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Deforestation in the Karipuna Indigenous Territory in the state of Rondônia. The Public Prosecutor’s Office released guidance on traditional peoples’ rights in negotiations with companies offering contracts to generate carbon credits from forest conservation. Photo: Christian Braga/Greenpeace

The Federal Public Prosecutor’s Office and the Public Prosecutor’s Office of Pará released technical instructions this week as guidance for state and federal prosecutors on protecting the rights of Indigenous peoples, traditional communities, and quilombola communities of rebel slave descendants during negotiations with companies proposing contracts to generate carbon credits from forest conservation. As shown in a June report by SUMAÚMA, these Amazonian populations have been approached by companies who want them to enter into commitments of sometimes dubious value. There are also cases of private negotiators who claim to own farms that overlap conservation units.

The technical instructions, drafted by the human rights and environment operational support centers at the Public Prosecutor’s Office of Pará, stipulate that all carbon contract negotiations should be overseen by the government agencies responsible for the territories, which at the federal level includes the National Foundation of Indigenous Peoples (FUNAI) and the Chico Mendes Institute for Biodiversity Conservation (ICMBio). This also applies to quilombola communities, which collectively own their land – Indigenous peoples have exclusive usufruct and other traditional communities hold a concession over the lands they occupy. According to the document, authorities must provide oversight, because quilombos, as quilombola communities are called, are “specially protected” territories and are part of the cultural heritage.

Nevertheless, in each case the decision of whether to sign these contracts should respect the “autonomy” and “free will” of these populations and their decision-making authorities. The guidance also states that the government, and not private companies, must hold prior, free, and informed consultation, as established by International Labour Organization (ILO) Convention 169 and by Brazilian law, with broad participation and according to the protocols approved by Indigenous peoples and traditional communities. They should decide how the money made from selling credits will be distributed and they have the right to preserve their traditional ways of life.

An analysis by anthropologist Andrea Oliveira, of the Federal University of Paraná, is included in the guidance’s discussion of this issue, noting that Indigenous peoples and traditional communities have a different relationship with the forest than the carbon market or people not living on these lands. These peoples do not see themselves as “conservationists,” but as “builders of their spaces,” it quotes her as saying, while companies intend to purchase “management of not just part of the forests, but of the life and future” of the communities.

The guidance also says that contracts should be public and registered with a notary public and it recommends measures for striking private properties overlapping public lands involved in carbon projects from Brazil’s national environmental registry of rural properties. It goes on to state that companies certifying or purchasing credits must perform audits to ensure that communities’ rights are being protected, while also creating ombudsmen to receive outside reports of wrongdoing.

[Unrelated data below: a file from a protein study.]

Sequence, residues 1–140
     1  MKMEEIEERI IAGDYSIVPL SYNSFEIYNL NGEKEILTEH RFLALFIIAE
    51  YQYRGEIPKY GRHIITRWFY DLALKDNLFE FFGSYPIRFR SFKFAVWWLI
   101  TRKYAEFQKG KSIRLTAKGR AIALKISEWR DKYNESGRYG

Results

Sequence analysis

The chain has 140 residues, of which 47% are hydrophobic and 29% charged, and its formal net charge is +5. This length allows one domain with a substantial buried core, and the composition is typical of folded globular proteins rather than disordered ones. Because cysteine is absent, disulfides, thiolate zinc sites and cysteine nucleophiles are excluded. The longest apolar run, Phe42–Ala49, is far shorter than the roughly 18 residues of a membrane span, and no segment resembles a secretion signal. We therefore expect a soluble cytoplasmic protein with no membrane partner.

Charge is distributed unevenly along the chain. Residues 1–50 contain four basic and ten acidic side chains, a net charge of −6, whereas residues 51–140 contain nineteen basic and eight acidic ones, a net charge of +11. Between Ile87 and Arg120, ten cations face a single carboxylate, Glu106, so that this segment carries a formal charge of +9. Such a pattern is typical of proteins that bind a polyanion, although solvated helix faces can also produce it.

Finally, the document recommends including a “flexibility clause” in contracts so that they could be reviewed upon request by communities. It also proposes inclusion of contractual guarantees to divide benefits that were not originally established, but that resulted from traditional knowledge and natural resources in these territories.

The initiative from the Public Prosecutor’s Office is an attempt to compensate for a lack of unified standards for these contracts, since deals to generate and sell carbon credits take place on the so-called “voluntary market,” which is not government-regulated. Analysts are calling some of the agents in this market “carbon cowboys,” because of the fierce dispute for public lands containing large swaths of preserved forests. The sixty-nine page document says that there are already four processes open with the Public Prosecutor’s Office of Pará and ten with the Federal Public Prosecutor’s Office in Pará to monitor or investigate negotiations between companies and Indigenous or traditional peoples.

According to the guidance, these processes regard contracts where different irregularities were found, such as a lack of authorization from the managing public agency, the presence of “scurrilous or illegal clauses,” or where there was no free, prior, and informed consultation of communities. Additionally, the contracts are not public and do not make it clear how any benefits from carbon projects would be divided. The document cites the report by SUMAÚMA, along with other reporting and academic studies.

The Lula administration intends to place clauses protecting Indigenous and traditional peoples in a bill being drafted to create a regulated carbon market in the country. Following congressional approval, it would take two years to implement the regulations.

Fact check: Plínio Lopes
Spell check (Portuguese): Elvira Gago
Translation into Spanish: Julieta Sueldo Boedo
English translation: Sarah J. Johnson
Photography editing: Marcelo Aguilar, Mariana Greif and Pablo Albarenga
Page setup: Érica Saboya


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